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  1. #1
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    Resonator Location

    My Cutlass has a hint of rasp at a certain RPM I'd like to get rid of, and also reduce overall volume just a bit. I have room to install some 9" body Vibrant resonators either between the headers and H-pipe, or in the tailpipes just in front of the exhaust tips.

    Curious is there is a difference in resonator effectiveness based on location?


    Nick ~
    1969 Cutlass


  2. #2
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    Aug 2004
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    Either or is fine. For example Cadillac puts the resonator under the car where the X-pipe would be. The Trailblazer SS had it at the very back by the bumper. I plan on putting mine after the X-pipe under the car because thats where I have room. Ideally if you could put them in with clamps and try both locations to see what works best that would be the ticket although more work.
    Instagram: CamaroAJ

  3. #3
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    I emailed Vibrant my question and while it's a copy n paste reply, it does contain some good info:


    There are 3 key points to keep in mind when choosing and installing a resonator and/or muffler.

    1. Size. The general rule of thumb with Vibrant resonators/mufflers is that the larger the body of the device, the more effective it will be at reducing decibel levels, drone, rasp, etc. Larger volume of packing = more harmonic wave absorption. Alongside the volume of packing material making it more effective, is the shape. This is also part of the reason that the Ultra Quiet is a popular choice over bottle style resonators or round body mufflers. Each time your exhaust valve opens, an exhaust pulse wave travels down your exhaust stream. It bounces in all directions as it moves through the exhaust system. The frequency can be affected by the shape, size and length of chambers, tubing, etc. When the pulse wave gets to a suppressive device with packing material, it goes through the perforated core, into the packing material, gets dampened, hits the outside wall of the suppressive device and travels back to the center to rejoin the exhaust stream. In a round suppressive device, the limitation is to one distance for the pulse wave to travel from core to outer body compared to the Ultra Quiet resonator which has a shape with more variable and longer distances for the pulse wave to travel through. This makes it more effective at attacking a larger spectrum of wave frequency of the exhaust note. The same principle applies to a chambered suppressive device but placement becomes very important because the lack of packing material removes the ability to dampen vibration as the pulse wave travels through the chambers. They rely only on pulse wave reflection to cancel out frequencies. Also, keep in mind, larger diameter tubing exhaust systems can be more prone to increased drone or resonance as there is a larger internal surface area that is undampened for the vibration to be amplified or resonate from.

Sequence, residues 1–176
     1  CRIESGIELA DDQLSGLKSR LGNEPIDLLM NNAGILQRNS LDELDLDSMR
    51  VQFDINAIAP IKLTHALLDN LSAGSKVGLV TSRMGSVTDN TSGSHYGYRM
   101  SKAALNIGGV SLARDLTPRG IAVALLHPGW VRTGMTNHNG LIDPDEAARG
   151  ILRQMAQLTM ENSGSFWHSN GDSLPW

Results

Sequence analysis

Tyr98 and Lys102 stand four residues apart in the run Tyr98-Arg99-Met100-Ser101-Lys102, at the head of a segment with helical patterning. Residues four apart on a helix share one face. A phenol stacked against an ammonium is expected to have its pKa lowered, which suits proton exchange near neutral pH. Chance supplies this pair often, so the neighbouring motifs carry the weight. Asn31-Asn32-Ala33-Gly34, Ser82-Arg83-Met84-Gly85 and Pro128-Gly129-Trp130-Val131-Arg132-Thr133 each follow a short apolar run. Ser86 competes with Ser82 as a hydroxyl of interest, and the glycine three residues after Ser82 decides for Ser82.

2. Placement. This also plays a key role in regards to reducing exhaust drone. For most applications we recommend placement of a resonator in the area under the front seats of the vehicle. Targeting this placement will be effective for drone frequencies that are exhibited at low to mid-range steady state throttle/engine load conditions (ie: highway driving). In many applications the room available for a resonator in this area is limited, so smaller body “bottle style” resonators are often employed. Installing a resonator in this area will help prevent that drone frequency from reverberating through the floor and into the passenger cabin. Keeping the resonator further upstream also benefits in cancelling out that drone frequency earlier in the system, preventing it from travelling the full length of your exhaust. Placement will be dependent upon available space as well and is often the most limiting factor for installation. Placement further downstream in the exhaust path will target higher RPM frequencies and overall decibel reduction. This is typical placement for most larger body mufflers. Use your best judgement in identifying where any drone is occurring, in some cases, resonance frequencies can be at their peak further downstream just ahead of the rear axle of the vehicle, this will be a drone emitting from the rear seat area. Target placement in the area where you identify any unwanted frequency is occurring.